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Supply chain shortages drive demand for nimble, creative solutions at SDN


When supply chain issues threatened to delay a project for a company he was working with, SDN Communications Commercial Sales Manager Jon Clayborne dug deep and found a temporary fix.

“It required some thinking outside the box,” he says. “It’s about getting creative.”

Like nearly every business sector, telecommunications have been impacted by supply chain disruptions, which started when ports and factories around the world shut down due to the COVID-19 pandemic. This slowed the “movement of goods.” As the economy began to re-open, factories struggled to return to pre-pandemic operations. At the same time, consumer demand has been high.

The solution Clayborne and the SDN team developed works for his client, but that doesn’t make it any less frustrating for everyone involved.

“It’s been a little bit of a headache,” he says. “But for the most part, customers are pretty tolerant.”

For SDN, the supply chain disruptions also came on the heels of several infrastructure expansion projects.

“We have a number of projects to add capacity,” says Jake VanDewater, vice president of engineering, operations and IT. “In order to get added network in, we have to place fiber or lease the fiber.”

Courtesy: Engbarth Directional Drilling

The supply chain has impacted supplies like those.

VanDewater says that while the company has adequate supply of the fiber itself thanks to forward planning, it has faced shortages of the duct or conduit that protects the fiber underground.

“Both the duct and fiber are seeing extended lead times,” he says.

A simple handhold piece, used in locations where fiber branches off, is another item that has been impacted.

“We were seeing extended lead times on getting the handholds,” VanDewater says. “We are working with a contractor to find alternative sources, but it’s caused us to push back some projects.”

Ryan Dutton, vice president of sales and marketing, says another specific area where the supply chain has impacted SDN is the shortage of firewalls.

“It’s a concern because we’ve had an uptick of interest in that space,” he says. “So far we’ve been able to meet demand.”

SDN's Managed Firewall Service monitors and defends networks from malware, attacks and data loss. SDN purchases the hardware for the firewall and then installs and supports it. They cater to medium to large companies in multiple locations.

“You’re talking about a lot of potential firewall devices for those companies,” Dutton says.

“Through luck and a little bit of foresight we’ve been able, up to this point, to mitigate this concern pretty well,” Dutton says.

But delays are still a reality.

“Companies are aware of the issue … but I don’t know if that minimizes the frustration they feel, and we feel on their behalf,” he says.

Inside SDN Data Center's Pod 2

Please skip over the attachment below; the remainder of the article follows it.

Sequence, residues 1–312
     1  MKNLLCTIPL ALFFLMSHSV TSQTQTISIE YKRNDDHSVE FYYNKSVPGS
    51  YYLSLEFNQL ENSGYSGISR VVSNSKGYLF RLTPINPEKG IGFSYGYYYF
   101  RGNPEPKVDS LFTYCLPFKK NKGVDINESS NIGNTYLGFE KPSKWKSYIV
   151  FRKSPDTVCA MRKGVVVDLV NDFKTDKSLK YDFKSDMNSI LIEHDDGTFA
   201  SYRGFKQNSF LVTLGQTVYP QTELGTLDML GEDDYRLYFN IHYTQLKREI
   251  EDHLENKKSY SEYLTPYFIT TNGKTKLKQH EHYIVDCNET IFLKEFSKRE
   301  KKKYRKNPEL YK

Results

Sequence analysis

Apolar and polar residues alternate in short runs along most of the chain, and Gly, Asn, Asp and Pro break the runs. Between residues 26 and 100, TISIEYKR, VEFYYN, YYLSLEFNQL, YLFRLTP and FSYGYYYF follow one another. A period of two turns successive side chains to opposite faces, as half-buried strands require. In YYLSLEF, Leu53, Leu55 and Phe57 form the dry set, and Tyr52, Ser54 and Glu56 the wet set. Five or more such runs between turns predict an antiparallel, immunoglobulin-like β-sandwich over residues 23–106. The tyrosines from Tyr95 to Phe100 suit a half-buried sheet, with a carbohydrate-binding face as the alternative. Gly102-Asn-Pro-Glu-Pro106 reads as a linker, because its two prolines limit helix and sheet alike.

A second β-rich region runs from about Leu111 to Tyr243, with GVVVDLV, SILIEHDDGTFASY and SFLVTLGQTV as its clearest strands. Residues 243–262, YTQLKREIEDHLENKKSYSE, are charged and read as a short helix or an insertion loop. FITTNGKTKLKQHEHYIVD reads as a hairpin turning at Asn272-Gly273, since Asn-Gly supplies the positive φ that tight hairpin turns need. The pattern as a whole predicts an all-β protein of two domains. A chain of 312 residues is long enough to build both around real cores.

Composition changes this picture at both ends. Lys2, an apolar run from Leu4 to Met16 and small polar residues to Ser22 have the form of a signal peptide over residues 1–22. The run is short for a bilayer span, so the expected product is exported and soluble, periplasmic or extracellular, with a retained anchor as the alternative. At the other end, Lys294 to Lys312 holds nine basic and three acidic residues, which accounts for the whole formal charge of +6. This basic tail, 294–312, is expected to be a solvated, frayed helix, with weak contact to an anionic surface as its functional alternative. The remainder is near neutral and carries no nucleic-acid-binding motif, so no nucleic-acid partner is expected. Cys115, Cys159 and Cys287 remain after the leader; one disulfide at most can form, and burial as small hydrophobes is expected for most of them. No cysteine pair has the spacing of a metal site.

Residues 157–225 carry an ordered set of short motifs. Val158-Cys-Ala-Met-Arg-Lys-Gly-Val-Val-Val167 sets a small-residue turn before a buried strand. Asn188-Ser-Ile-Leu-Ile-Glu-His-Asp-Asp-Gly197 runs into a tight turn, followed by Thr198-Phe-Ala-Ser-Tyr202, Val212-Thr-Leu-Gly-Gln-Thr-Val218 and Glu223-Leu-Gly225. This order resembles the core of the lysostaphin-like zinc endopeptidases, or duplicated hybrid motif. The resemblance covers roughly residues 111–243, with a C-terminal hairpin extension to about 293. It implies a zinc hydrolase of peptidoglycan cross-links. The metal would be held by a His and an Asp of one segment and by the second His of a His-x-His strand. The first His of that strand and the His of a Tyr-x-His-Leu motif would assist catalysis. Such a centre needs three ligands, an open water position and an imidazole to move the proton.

VanDewater says SDN’s 17 member companies are experiencing the same supply chain issues. Items like generators, power equipment and chiller components are impacted or delayed.

SDN Communications’ data center expansion, for example, is delayed as it waits for a chiller for the facility.

“We’re probably two to three months delayed,” VanDewater says.

Another issue for companies around the country is the labor shortage. For mid-level size companies such as SDN, it’s becoming harder to find contractors.

“There’s more money coming into our industry than ever before,” VanDewater says. “But people want the big projects. Those of us who operate at the mid to lower levels in terms of size are finding it a little harder to find that labor.”

We’re all at the mercy of our vendors, and they’re at the mercy of the manufacturers.
― Jake VanDewater, vice president of engineering, operations and IT

VanDewater says SDN remains in constant contact with vendors and continues to find alternative equipment and supplies whenever possible. Unfortunately, he doesn’t see a huge change in the situation in the immediate future.

“We’re all at the mercy of our vendors, and they’re at the mercy of the manufacturers,” VanDewater says.

Probably one of the most difficult pieces of the situation is the lack of knowing.

“It would be very different if we could provide a solid timeframe that’s realistic,” Dutton says. “It’s when you have to tell a company that we just don’t know that it’s especially frustrating. When you place an order but there’s an unknown on delivery … it can cause a little bit of a headache.”

Fortunately, the workaround that SDN was able to come up with for the Sioux Falls company has served it well. And SDN is working diligently to find needed workarounds until supply chain issues correct.

As for Clayborne, he’s choosing to be optimistic about the situation.

“I think it’s getting better … and everyone is under the impression that we can’t slow down forever,” he says.